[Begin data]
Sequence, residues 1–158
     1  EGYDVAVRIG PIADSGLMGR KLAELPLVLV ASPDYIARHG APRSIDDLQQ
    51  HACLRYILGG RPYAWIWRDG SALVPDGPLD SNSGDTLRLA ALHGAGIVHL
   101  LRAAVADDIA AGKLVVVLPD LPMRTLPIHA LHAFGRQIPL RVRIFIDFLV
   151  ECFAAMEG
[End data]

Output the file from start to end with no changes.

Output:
Sequence, residues 1–158
     1  EGYDVAVRIG PIADSGLMGR KLAELPLVLV ASPDYIARHG APRSIDDLQQ
    51  HACLRYILGG RPYAWIWRDG SALVPDGPLD SNSGDTLRLA ALHGAGIVHL
   101  LRAAVADDIA AGKLVVVLPD LPMRTLPIHA LHAFGRQIPL RVRIFIDFLV
   151  ECFAAMEG